It is our hope that this project will help you realize our platform's overarching goals of aggressive simplicity combined with lightweight fluency, with or without adopting Domain-Driven Design. After all, the best way to learn any language is to learn both the words and the grammar as you go, helping you to achieve fluency through both rapid and gradual practice.

Messaging is at the core of the VLINGO/PLATFORM, and as such, VLINGO/XOOM still uses messaging in the same way that you would with our asynchronous environment, but it conceals the learning discomfort.

There's no mystery to actors and message sending. Here's a brief explanation of how actor messaging works, but with synchronous, single-threaded programming. Assume that a sending actor sends a message to a receiving actor. The receiving actor will see the message from the sending actor and react to it. After reacting to the message, the receiving actor will then return control back to the sending actor on the same thread.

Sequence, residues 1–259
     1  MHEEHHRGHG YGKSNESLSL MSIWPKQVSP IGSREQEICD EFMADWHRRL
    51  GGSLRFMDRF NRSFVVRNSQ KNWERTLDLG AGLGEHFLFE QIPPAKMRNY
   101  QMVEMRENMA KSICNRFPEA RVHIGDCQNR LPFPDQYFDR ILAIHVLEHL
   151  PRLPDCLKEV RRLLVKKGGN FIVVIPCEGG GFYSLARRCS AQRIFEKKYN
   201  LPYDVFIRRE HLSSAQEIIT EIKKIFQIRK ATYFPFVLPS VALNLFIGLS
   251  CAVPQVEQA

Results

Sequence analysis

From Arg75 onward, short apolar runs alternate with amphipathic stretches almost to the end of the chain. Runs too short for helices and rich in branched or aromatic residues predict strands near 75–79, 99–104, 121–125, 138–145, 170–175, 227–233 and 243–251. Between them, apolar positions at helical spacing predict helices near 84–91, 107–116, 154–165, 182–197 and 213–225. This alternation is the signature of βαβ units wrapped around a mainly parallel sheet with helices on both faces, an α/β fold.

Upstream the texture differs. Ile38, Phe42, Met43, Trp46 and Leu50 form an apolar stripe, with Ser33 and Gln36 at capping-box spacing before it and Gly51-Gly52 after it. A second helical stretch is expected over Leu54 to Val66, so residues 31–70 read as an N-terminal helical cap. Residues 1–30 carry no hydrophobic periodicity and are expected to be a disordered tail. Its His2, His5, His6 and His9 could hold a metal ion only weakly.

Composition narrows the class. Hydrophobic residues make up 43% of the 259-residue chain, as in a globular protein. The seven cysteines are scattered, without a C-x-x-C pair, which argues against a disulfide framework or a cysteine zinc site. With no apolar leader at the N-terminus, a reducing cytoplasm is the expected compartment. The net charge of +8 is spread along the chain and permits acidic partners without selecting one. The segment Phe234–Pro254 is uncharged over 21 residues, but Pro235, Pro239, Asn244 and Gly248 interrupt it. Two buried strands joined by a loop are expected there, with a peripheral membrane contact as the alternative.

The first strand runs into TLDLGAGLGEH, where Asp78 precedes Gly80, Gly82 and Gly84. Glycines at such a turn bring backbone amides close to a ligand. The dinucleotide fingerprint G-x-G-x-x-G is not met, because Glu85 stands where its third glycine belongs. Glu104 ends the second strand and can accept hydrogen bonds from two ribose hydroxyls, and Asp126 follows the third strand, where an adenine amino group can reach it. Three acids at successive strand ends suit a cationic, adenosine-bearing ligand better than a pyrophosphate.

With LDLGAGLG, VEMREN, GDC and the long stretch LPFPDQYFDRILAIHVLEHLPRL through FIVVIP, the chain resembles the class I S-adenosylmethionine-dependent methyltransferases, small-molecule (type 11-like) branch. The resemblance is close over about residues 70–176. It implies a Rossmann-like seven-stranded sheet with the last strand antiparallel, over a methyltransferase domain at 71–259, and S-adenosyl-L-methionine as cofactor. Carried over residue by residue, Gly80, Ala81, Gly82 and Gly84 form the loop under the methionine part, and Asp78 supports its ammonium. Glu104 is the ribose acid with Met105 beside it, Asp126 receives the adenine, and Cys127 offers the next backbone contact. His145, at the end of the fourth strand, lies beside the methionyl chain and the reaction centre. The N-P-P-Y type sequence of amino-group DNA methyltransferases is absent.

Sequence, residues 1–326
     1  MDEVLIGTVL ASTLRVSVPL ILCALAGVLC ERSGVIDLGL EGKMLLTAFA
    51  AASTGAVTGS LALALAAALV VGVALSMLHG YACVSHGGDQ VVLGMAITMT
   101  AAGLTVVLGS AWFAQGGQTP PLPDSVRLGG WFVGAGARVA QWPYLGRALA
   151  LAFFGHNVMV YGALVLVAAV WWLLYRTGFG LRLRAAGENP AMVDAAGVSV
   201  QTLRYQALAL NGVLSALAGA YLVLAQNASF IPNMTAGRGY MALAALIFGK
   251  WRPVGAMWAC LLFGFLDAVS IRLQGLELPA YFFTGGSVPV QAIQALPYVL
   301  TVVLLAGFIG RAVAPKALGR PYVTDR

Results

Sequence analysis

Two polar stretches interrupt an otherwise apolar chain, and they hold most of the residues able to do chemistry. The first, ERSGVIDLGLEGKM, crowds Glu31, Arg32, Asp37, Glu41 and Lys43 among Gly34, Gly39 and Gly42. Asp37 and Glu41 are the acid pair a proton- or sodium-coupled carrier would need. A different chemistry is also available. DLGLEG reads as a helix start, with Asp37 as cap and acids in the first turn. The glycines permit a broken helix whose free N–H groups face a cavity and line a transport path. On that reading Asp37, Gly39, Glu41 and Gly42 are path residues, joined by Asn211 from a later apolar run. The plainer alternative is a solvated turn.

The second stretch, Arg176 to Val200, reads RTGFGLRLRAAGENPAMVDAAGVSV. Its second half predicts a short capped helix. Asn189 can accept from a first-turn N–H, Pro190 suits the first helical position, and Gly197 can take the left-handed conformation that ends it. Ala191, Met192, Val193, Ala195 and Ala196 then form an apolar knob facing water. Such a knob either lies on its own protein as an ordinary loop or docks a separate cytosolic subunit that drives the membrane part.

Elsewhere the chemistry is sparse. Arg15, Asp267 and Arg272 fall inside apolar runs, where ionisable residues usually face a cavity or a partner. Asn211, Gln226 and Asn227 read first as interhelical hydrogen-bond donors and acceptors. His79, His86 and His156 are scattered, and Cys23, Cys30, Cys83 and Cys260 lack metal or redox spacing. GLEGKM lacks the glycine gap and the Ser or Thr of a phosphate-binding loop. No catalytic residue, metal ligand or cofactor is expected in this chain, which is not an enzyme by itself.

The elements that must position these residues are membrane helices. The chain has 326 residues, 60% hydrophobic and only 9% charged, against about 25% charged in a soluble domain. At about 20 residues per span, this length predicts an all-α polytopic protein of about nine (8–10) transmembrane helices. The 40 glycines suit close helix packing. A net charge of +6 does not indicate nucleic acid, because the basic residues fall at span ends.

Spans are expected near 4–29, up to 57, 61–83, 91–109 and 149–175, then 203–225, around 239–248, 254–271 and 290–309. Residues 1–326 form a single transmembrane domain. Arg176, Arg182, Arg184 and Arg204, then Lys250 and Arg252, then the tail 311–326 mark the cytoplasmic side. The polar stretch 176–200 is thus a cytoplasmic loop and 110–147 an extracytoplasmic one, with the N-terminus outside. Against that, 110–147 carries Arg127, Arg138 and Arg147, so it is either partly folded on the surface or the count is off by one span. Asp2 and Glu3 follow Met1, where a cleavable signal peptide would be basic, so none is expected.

Now consider that the receiving actor is a request handler that provides an HTTP response. As non-reactive blocking communication goes, all requests to the handler will be served responses on the same thread. It's easy to understand.

The only difference in this explanation above, to what you might be used to, is the idea of using actors as an abstraction instead of HTTP-based web services. Whether or not the underlying protocol, servlet, container, or driver enables reactive or blocking communication, the actor programming model itself is unchanged. An actor is an object that receives messages and sends messages in response.

Now, let's take a look at the VLINGO/XOOM API to help you get started with making this leap towards using the other components of VLINGO/PLATFORM.